If Donald Trump is to be believed, everything he does is bigger and better than anything Barack Obama ever did. More often than not these claims are a gross exaggeration. But when it comes to Pentagon spending, Trump’s boasts have more than a grain of truth.
In March, aided by hawks in Congress, Trump signed off on a budget deal that will provide $700 billion to the Pentagon and related agencies in 2018, and an additional $716 billion next year. Those are among the highest levels of Pentagon spending since World War II, topped only by the Obama administration’s total for 2010, when the United States still had tens of thousands of troops in Iraq and Afghanistan.
As my colleague Ben Freeman and I have noted, the $80 billion increase from 2017 to 2019 alone is twice the budget of the State Department, and is more than the entire military budget of any nation in the world but Russia. The numbers are so high that Secretary of Defense James Mattis told President Trump he was surprised that Congress gave his department so much money – a rare admission from the head of the organization that almost always asks for more, more, and more.
Where is all this money going? First and foremost, to fight and prepare to fight wars. Donald Trump inherited seven wars from Barack Obama – Iraq, Syria, Afghanistan, Pakistan, Yemen, Somalia, and Libya. And that’s not even counting smaller deployments like the 800 U.S. troops in Niger and the periodic deployment of U.S. special forces to the Philippines.
These wars are expensive. According to a 2017 analysis by the Costs of War project at Brown University, the United States has spent $5.6 trillion on its post-9/11 wars, including the traditional fees for weapons, military bases, combat pay, and aid to allies, along with the extraordinary costs of taking care of the millions of veterans of these conflicts for the rest of their lives. While the pace of spending has slowed somewhat now that the United States no longer has hundreds of thousands of ground troops in Iraq and Afghanistan, the costs are immense nonetheless. Donald Trump has doubled down on Obama’s wars, sending more troops, dropping more bombs, launching more drone strikes, and killing more civilians than his predecessor. And that’s even before Trump starts any new wars of his own, a distinct possibility now that he has appointed uber-hawk John Bolton as his national security advisor and Iran hawk Mike Pompeo as Secretary of State.
In addition to the wars themselves, another massive expense is maintaining the global presence needed to be ready to go to war anywhere on the planet on short notice. That’s why the United States maintains roughly two million troops – active duty and reserve forces – with hundreds of thousands of them deployed overseas in wars, at military bases, or on aircraft carriers and other combat ships. There is no precise estimate, but researchers have determined that the United States has 700 to 1,000 military bases worldwide. And according to the Pentagon, U.S. special forces visited over 140 countries last year. No other country in history has ever had this kind of world-spanning military presence.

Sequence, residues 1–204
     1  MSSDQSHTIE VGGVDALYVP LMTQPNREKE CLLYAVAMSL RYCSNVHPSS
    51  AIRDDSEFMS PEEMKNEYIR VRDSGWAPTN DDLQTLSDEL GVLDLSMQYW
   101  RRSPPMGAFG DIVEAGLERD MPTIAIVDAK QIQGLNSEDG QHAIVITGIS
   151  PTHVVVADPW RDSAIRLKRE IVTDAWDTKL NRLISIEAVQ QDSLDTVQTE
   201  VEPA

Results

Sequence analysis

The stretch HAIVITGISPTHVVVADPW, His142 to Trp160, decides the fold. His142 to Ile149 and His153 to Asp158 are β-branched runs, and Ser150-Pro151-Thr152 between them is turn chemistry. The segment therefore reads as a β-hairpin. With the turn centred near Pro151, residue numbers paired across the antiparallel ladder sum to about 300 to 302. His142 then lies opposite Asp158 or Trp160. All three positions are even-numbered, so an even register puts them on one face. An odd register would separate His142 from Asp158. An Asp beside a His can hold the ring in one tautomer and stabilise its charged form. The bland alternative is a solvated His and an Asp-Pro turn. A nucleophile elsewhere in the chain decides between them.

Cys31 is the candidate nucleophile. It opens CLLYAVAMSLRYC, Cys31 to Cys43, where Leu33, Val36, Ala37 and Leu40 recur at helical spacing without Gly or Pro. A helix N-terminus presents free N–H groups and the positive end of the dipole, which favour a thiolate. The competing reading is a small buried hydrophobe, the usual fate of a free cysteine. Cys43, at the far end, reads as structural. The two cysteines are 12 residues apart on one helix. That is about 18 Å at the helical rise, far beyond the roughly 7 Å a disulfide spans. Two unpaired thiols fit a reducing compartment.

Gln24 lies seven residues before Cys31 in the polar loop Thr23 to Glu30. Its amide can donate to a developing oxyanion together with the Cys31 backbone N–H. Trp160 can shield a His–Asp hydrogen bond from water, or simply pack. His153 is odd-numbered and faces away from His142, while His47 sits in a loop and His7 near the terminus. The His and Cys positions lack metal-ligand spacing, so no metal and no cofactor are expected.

Trump has also pledged to take nuclear weapons spending to new heights – no small feat given that the Pentagon already has a plan to spend over $1.2 trillion on a new generation of nuclear weapons over the next three decades. But Trump wants to go them one better by building two new types of nuclear weapons – a smaller, allegedly more “usable” nuclear warhead and a sea-launched cruise missile that can be based on submarines. Add to this a new nuclear bomber, new ballistic missile submarines, a new land-based missile, and new warheads for all of them, and you have a recipe for a new nuclear arms race of a kind we haven’t seen since the Cold War. And if Vladimir Putin is to be believed, he is more than willing to oblige by building a whole new round of Russian nuclear weapons.
The question now is what is to be done about this immense, unnecessary, and dangerous military buildup. There are signs of opposition, both in Congress and in civil society, that give some grounds for hope. Just last month 44 senators voted for a bill sponsored by senators Bernie Sanders (I-VT), Mike Lee (R-UT), and Chris Murphy (D-CT) that would have ended U.S. support for Saudi Arabia’s brutal war in Yemen. And although their initiative went down to defeat, it represented an unprecedented effort by Congress to reassert its authority as the only body of the U.S. government with the constitutional authority to declare war. This fight will continue, not just over Yemen but over America’s other far flung wars. Even many Trump supporters have grown tired of the United States policy of perpetual war. The possibility of a new right/left coalition against endless intervention is real.
Finally, during this week that marks the 50th anniversary of the assassination of Martin Luther King Jr., a new movement is arising inspired by the Poor People’s Campaign that King was organizing at the end of his life, and that his widow Coretta Scott King carried on in his absence. Like its predecessor, the new Poor People’s Campaign is grounded in opposition to war, poverty, and racism. It is led by Rev. William Barber, a charismatic minister who helped spark the “Moral Mondays” movement in North Carolina, a network that helped turn back some of the more regressive policies being proposed in that state. This new movement is in urgent need of support if the United States is ever to turn its energies away from war and preparations for war towards more constructive, humane pursuits.
William D. Hartung is the director of the Arms and Security Project at the Center or International Policy.